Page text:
about 2 years ago
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Minister of state for Finance, Anurag Thakur, said, “During the last two years, strategic disinvestment of 5 CPSEs (HPCL, REC, NPCC, HSCC and DCIL) has been successfully completed. Profitability is not a criterion for strategic disinvestment.”

He said that strategic disinvestment has been guided by the basic economic principle that the government should not be in the business to engage itself in sectors where competitive markets have come of age.

Really????????? There is no shred of truth in this!

Why does the Govt need to be in most of the sectors that it is in – Air India, BSNL, MTNL and to put it really drastically, why so many PSU banks at all? Why not just SBI?  If govt is deciding to disinvest in loss making or profitless institutions or operationally unviable enterprises, why not bring loss making  banks with heavy NPAs into this category instead of further funding these banks?

These thoughts come to mind when we read about how the distressed employees of BSNL has written to the PM, urging him to revive the company and make it a strong telecom operator. Really? Are they living under a rock? Reliance Jio has made it difficult for the extremely competitive and more efficient telecom companies to survive and BSNL wants to continue?

In a question hour at the Lok Sabha, Thakur said that the Govt has given ‘in-principle’ approval for strategic disinvestment of 23 central public sector enterprises (CPSEs) including subsidiaries, units and joint ventures. He named a few - Project & Development India Ltd., Hindustan Prefab Limited (HPL), Engineering Project (India) Ltd., Bridge and Roof Co. India Ltd, Pawan Hans Ltd., Air India and its five subsidiaries and one JV.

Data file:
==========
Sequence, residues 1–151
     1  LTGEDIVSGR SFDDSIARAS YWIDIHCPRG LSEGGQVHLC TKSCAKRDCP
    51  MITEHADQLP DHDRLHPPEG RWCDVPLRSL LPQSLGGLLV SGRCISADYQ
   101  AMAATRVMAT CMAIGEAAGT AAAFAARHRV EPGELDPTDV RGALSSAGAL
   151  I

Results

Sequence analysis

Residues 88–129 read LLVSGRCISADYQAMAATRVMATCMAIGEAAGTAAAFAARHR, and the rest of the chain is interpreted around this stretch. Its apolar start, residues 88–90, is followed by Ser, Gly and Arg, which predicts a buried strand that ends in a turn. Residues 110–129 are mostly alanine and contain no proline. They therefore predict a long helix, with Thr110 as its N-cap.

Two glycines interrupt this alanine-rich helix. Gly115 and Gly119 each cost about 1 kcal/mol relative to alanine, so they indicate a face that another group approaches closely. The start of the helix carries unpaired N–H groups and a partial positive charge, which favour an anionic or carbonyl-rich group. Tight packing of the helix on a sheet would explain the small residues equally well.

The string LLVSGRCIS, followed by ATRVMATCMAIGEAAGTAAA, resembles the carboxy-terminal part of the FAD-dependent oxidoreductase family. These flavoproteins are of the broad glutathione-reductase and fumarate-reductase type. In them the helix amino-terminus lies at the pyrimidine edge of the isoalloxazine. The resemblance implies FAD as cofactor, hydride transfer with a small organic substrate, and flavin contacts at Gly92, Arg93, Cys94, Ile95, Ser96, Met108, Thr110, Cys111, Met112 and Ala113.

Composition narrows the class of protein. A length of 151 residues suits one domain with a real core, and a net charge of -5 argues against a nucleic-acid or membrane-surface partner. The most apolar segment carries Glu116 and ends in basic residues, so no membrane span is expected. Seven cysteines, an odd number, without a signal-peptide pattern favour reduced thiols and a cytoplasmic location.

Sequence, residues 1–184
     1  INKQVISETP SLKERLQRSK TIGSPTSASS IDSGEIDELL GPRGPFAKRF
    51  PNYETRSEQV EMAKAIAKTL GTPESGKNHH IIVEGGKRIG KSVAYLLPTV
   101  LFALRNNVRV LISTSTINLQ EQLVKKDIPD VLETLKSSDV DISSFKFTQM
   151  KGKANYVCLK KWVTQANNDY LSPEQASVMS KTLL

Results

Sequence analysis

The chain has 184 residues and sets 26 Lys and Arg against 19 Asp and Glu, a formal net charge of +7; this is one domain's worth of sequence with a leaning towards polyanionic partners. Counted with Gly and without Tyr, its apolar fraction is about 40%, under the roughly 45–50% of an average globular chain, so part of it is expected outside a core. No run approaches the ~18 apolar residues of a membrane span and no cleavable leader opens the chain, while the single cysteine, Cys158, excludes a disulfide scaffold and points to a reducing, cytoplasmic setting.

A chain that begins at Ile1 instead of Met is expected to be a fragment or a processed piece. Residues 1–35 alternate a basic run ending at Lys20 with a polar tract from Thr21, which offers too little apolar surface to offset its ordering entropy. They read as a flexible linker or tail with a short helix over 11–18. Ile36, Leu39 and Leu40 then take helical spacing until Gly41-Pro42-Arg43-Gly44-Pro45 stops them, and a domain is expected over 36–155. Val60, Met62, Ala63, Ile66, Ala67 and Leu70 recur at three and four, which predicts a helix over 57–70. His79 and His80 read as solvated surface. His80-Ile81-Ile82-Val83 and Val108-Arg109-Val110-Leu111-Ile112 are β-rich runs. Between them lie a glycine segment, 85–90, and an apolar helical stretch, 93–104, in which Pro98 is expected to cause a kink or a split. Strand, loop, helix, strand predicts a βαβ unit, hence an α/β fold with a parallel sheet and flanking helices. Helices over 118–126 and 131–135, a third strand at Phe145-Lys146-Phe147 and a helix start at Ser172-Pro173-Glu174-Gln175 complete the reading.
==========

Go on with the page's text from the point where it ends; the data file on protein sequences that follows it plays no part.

But its important for someone to tell the Govt that one PSU to another is not disinvestment and least they celebrate the reduction of NPAs – that did not really happen; they were mainly were write offs. So much money spent on bank recapitalisations, year-after-year when that money could be used for so better things, like good roads, improving Govt school quality, modernizing agriculture, building infra; so many things where money is needed badly.  

oday the mere name of a PSU brings to mind the picture of dull, drab offices, with tired and demotivated employees, surrounded by piles of files. Somehow the picture of efficiency and quick work just does not fit into PSUs.

If we decide to decipher each and every PSU, every one of them will have issues. But most of them have almost the same common problems – the burden of too many employees, unproductive plants, old and rusted plants/machinery/assets, too much political interference, lack of transparency, poor governance. There is simply no will to grow into a world class organization, becoming leaders in technology and innovation. That is what we need to change. Now this is not a mere cosmetic change – we are talking about a change from inside to outside.

The moot point is that a major revamp or makeover of PSU’s is imperative. Govt should get out of sectors, which do protect national resources directly.  Again Modi Govt can plan for reforms but will the huge labor force agree? BSNL is an apt example where even an IPO is not happening thanks to the opposition of the trade union. Most of these PSUs are like MNCs – huge reserves, immense cash balances, gold mine of land reserves and little debt with huge assets. So why can’t we unlock their potential? Why does a PSU necessarily have to be like a huge outdated equipment, which does not work but takes away all the resources?

Someone needs to get aggressive, to push one to the wall and get things done. Or else, many of these PSUs, which are actually potential world class companies, will die a painful death. Or aren’t they already dead?

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